Andre Agassi: The Father of All Things

“It’s just this thing called life,” says tennis icon Andre Agassi, “and how you choose to go about it is very important to your peace of mind, and peace of heart.”

It was one of a multitude of inspirational messages from the 46-year-old retired tennis professional and philanthropist who participated in a discussion moderated by fellow speaker Harvard Law School Professor Sheila Heen at the Nordic Business Forum Sweden.

While the title of the talk, “Reflections on Life and Finding Your Purpose” was certainly reflected in Agassi’s comments, a separate but pervasive theme was fatherhood, with Agassi dishing out humorous stories about his father, Emmanuel “Mike” Agassi, who tied paddles onto the infant Andre’s hands and dangled balls above his crib in order to improve the hand-eye coordination of his son, whom he had already determined would be a tennis champion.

Agassi recounted a childhood and young adulthood of striving to meet his father’s vision of success, before entering a very public rebellious period that ended with Agassi, once known for his “image is everything” credo and flamboyant appearance, redefining his professional ambitions, choosing tennis for himself, and finding new, more personal reasons to embrace and excel at the sport, which culminated in his 1999 French Open win.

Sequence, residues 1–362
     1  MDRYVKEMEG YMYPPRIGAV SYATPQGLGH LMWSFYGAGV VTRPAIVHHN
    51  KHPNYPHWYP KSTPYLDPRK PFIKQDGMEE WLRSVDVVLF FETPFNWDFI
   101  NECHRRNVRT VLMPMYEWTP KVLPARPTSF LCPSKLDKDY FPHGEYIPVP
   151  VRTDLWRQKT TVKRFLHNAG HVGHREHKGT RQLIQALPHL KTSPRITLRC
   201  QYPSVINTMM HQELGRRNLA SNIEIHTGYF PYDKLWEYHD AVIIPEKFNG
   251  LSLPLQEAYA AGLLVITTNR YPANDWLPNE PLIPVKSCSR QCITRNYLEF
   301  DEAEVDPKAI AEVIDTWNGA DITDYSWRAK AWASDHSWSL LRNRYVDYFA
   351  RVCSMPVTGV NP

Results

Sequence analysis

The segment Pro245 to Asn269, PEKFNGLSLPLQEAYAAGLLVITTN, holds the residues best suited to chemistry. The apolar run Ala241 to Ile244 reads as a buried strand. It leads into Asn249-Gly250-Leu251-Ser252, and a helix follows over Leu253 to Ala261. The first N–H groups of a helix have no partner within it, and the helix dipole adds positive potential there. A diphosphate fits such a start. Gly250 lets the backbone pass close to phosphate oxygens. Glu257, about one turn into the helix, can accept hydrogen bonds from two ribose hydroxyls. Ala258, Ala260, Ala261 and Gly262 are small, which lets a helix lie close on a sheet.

“Define success for yourself and define it wisely,” he told attendees. “Because if you define it wrong you can accomplish it and not feel connected with your life, but it you define it wisely, every day you have that opportunity of being engaged.”

Agassi, who now leads the Andre Agassi Foundation for Education, ┬ásaid this kind of awareness can pay a lifetime’s worth of dividends as people continuously move towards achieving their ideals.

“Clarity is a real jewel, it’s a real gift, and, if you can, get clear on how you are going to choose to engage on a daily basis,” said Agassi. He also urged people to not feel held back by their pasts, and to spend more time each day investing in themselves.

“The rear view mirror is important, but it’s not so important,” Agassi said. “Everything we have gone through doesn’t make us who we are,” he said. “If you don’t take care of your vehicle you’re not getting there anyhow.” Rather, people must figure out how to deal with their days “profoundly, urgently, as if its crucial to who you are going to be tomorrow,” he continued.

“I think the the discipline of that really changes your perspective,” noted Agassi. “It tends to even out some of those extremes and make you a person people want to be around, helps you to inspired by others and you to inspire others on a daily basis.”

When asked by Heen what advice he would give to his own children, Agassi said he would encourage them to see problems through the eyes of other people.

“A good friend of mine said that business is easy, people are complicated, and I think there’s a lot of truth to that, but I think that if you can see a problem through other people’s eyes, it gives you problem solving skills and it makes you more gifted at navigating not only goals, objectives, and business, but also the relationships that you have in your life,” said Agassi.

“Having a nuanced perception of your environment is a wonderful asset.”


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